Ottawa Citizen
Monday 28 December 1998

Crime and punishment in '98

One woman is jailed for neglecting dogs, another is set free after killing her husband. Peter Hum reports on high-profile sentences.

Peter Hum
The Ottawa Citizen

Lilian Getkate, 38, was sentenced to serve two years less a day in her home for the shooting death of her husband, Maury, as he sleep.

Kitty Racicot, 27, was sentenced to 30 days in jail for neglecting about 30 dogs in her care.

Julie Oliver, the Ottawa Citizen / Andrejs Berzins reflects on some of the sensations cases of past year.

Nineteen ninety-eight will go down, in Ottawa Crown attorney Andrejs Berzins's opinion, as the year when one woman was jailed for neglecting dogs while another was set free after killing her husband.

"I know each set of circumstances is different," Mr. Berzins said as he reviewed a summary of high-profile sentences handed out this year in Ottawa. "But those two cases stand in stark contrast to each other."

The sentences that Lilian Getkate and Kitty Racicot received are the first that spring to mind when Mr. Berzins looks back on the year in punishment. For him, they raise a key question: Who goes to jail and who doesn't?

Mrs. Getkate, 38, was sentenced to serve two years less a day in her home after a jury in October convicted her of manslaughter. Mrs. Getkate, who now lives in Maple Ridge, B.C., shot to death her sleeping husband, Maury, in Ottawa in 1995, and testified that she had been a battered spouse.

After a jury convicted Mrs. Getkate of the lesser charge of manslaughter (she was charged with second-degree murder), Justice James Chadwick, who sentenced her, said she "fit well up on the scale" for battered spouses.

Ms. Racicot, 27, pleaded guilty to neglecting or causing pain to more than 30 dogs after Humane Society of Ottawa-Carleton officials last year rescued dozens of chihuahuas living in deplorable conditions in the woman's home. Judge Lynn Ratushny, who spoke sympathetically about the socially isolated accused woman, nonetheless decided that 30 days in jail were required to demonstrate society's intolerance for animal abuse.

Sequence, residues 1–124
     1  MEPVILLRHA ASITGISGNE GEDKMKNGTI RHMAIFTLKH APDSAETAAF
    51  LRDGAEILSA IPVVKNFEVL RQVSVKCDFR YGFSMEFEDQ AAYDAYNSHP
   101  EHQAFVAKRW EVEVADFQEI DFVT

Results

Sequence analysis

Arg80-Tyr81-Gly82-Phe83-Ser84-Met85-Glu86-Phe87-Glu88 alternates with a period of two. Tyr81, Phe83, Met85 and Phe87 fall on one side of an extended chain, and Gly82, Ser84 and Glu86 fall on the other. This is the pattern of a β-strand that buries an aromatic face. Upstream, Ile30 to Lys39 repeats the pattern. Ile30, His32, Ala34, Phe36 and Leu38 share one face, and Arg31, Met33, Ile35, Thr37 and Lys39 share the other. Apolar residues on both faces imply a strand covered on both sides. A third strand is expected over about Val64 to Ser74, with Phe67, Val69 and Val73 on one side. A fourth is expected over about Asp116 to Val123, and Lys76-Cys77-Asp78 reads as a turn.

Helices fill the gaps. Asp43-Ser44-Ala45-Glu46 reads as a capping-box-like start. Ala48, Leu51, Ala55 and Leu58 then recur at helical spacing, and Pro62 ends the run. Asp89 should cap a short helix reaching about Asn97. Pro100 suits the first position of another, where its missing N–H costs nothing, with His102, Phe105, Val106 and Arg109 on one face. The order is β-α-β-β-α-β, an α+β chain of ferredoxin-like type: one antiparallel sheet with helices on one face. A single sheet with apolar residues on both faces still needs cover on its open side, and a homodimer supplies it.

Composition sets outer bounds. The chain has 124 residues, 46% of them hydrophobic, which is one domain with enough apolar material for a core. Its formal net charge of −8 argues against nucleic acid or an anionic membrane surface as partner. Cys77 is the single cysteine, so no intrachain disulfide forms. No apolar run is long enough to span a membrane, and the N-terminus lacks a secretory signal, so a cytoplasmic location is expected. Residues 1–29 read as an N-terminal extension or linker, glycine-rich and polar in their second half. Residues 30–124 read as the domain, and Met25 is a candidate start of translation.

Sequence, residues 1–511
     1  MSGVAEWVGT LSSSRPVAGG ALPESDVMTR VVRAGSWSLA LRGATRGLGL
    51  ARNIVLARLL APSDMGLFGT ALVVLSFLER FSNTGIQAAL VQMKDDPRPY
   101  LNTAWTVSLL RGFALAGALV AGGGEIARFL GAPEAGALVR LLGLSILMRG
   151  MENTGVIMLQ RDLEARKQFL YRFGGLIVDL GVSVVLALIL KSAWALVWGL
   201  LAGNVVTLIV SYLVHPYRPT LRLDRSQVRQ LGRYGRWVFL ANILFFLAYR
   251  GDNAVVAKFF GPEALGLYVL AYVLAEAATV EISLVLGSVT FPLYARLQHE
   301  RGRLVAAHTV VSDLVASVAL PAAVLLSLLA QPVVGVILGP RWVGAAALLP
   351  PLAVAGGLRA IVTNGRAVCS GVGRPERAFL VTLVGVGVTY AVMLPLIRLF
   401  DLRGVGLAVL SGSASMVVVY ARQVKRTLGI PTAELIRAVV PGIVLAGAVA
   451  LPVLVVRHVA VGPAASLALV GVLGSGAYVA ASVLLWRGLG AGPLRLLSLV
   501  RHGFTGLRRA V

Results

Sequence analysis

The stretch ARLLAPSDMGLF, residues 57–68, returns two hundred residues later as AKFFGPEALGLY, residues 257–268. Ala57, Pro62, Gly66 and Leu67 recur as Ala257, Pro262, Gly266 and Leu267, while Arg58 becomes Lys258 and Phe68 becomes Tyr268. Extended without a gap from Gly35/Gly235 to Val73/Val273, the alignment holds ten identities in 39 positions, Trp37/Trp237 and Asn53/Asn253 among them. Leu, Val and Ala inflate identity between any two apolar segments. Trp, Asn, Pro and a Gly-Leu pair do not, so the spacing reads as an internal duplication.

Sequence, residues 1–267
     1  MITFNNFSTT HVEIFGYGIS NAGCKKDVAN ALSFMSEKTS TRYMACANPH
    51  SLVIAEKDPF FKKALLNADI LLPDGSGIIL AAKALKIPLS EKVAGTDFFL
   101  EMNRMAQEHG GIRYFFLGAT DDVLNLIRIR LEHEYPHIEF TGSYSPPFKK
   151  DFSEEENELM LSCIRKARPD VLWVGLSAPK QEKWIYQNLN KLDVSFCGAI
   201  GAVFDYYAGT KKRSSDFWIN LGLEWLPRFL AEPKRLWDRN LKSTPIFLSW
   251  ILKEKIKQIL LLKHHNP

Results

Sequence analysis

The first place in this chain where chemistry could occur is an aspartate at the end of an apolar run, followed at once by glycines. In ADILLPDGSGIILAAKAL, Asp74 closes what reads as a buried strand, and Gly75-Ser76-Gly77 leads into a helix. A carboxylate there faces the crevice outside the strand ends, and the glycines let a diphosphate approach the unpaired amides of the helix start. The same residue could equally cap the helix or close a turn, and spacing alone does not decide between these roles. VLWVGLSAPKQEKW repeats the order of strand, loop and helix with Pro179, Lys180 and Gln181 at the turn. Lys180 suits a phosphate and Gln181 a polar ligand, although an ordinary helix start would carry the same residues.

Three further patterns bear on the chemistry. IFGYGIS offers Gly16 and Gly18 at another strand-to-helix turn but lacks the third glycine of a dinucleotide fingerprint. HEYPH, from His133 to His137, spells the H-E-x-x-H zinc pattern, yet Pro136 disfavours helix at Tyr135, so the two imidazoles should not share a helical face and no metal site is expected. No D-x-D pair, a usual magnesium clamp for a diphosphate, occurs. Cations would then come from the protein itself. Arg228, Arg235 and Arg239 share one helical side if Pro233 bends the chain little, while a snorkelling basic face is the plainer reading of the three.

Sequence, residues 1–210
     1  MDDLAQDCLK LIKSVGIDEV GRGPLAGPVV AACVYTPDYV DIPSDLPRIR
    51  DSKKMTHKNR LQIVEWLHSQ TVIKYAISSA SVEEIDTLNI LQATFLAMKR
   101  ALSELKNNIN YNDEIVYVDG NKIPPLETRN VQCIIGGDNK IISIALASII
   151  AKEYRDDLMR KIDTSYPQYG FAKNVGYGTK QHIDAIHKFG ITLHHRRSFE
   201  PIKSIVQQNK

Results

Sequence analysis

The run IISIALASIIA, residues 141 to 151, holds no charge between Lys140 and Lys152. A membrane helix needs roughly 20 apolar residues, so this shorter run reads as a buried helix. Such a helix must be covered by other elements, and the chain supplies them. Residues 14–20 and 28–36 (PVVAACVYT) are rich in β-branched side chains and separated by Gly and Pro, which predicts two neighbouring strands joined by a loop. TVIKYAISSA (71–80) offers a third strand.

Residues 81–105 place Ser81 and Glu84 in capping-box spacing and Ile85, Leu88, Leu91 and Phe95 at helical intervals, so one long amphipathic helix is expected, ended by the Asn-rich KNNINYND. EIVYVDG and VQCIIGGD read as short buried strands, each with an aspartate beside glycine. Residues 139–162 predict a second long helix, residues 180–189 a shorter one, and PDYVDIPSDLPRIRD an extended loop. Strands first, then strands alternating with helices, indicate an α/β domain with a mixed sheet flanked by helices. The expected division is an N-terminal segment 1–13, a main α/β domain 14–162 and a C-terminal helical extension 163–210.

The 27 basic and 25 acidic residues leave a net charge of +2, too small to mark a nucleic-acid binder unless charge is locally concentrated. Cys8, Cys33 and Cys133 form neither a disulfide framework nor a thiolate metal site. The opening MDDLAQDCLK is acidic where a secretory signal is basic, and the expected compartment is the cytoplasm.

"The public may have some difficulty" with the contrast of the two sentences, Mr. Berzins said. Along with several other Ottawa cases this year, they reveal that the courts are "still quite unsettled" when it comes to so-called "conditional sentences," which allow people to serve their sentences at home, often under "house arrest" conditions.

Mr. Berzins said the conditional sentences for Mrs. Getkate and for Angele Brisson, a former armoured car driver who stole a bag of money, are cause for concern.

"I really question whether conditional sentences are appropriate in those cases," he said.

In some respects, the women were reasonable candidates for conditional sentences, Mr. Berzins said. "Both of the women are unlikely to commit further offences and can be safely dealt with in the community," he said.

But "I question whether a conditional sentence takes into account other principles of sentencing: denunciation and deterrence."

Mr. Berzins said he expects that Ontario's Court of Appeal may set some guidelines on conditional sentences with future rulings. However, his office was unable to persuade the province's attorney general's office to allow an appeal of the sentence for Mrs. Getkate.

Glancing over almost three dozen sentences handed down this year, Mr. Berzins does see some encouraging trends.

He noted that the judges sentenced heavily when violent crimes were committed during home invasions.

He also said that in two instances, judges were persuaded by prosecutors to designate accused men as offenders with special status.

In January, Karl Rowlee, a 51-year-old habitual robber who most recently terrorized a woman in a 1993 purse-snatching, was declared a dangerous offender, likely to re-offend if ever released from behind bars.

In June, David Fox, a 35-year-old developmentally disabled man who had a history of choking women for sexual pleasure, was declared a long-term offender after he assaulted a female cleaner at the Ottawa General Hospital in November 1997. Mr. Fox, Mr. Berzins noted, has since been charged with assaulting a female prison guard.

Mr. Berzins acknowledged that prosecutors have had input in sentences that may have struck the public as too soft.

As an example, he offered the one-year jail sentence given to James Cartwright, an Ottawa man who last Christmas Eve ran a red light and struck a Richmond couple's car, killing two people.

"The consequences in a case like that are so devastating," he said. But in that case, a prosecutor and defence lawyer together proposed the sentence to the judge, after the prosecutor reviewed the evidence and its potential weaknesses. "It was quite unclear if we would get a conviction," Mr. Berzins said.